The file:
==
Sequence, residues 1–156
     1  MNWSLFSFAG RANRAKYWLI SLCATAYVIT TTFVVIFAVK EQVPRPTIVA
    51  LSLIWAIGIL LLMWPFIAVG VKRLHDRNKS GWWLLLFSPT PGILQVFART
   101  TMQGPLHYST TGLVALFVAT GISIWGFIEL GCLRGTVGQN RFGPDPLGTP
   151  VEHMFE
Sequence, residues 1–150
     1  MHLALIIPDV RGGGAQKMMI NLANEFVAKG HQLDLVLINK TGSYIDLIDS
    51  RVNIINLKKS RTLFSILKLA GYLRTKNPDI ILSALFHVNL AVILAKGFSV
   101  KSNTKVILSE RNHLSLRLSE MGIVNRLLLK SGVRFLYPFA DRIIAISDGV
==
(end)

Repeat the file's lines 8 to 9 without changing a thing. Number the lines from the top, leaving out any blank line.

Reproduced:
    51  RVNIINLKKS RTLFSILKLA GYLRTKNPDI ILSALFHVNL AVILAKGFSV
   101  KSNTKVILSE RNHLSLRLSE MGIVNRLLLK SGVRFLYPFA DRIIAISDGV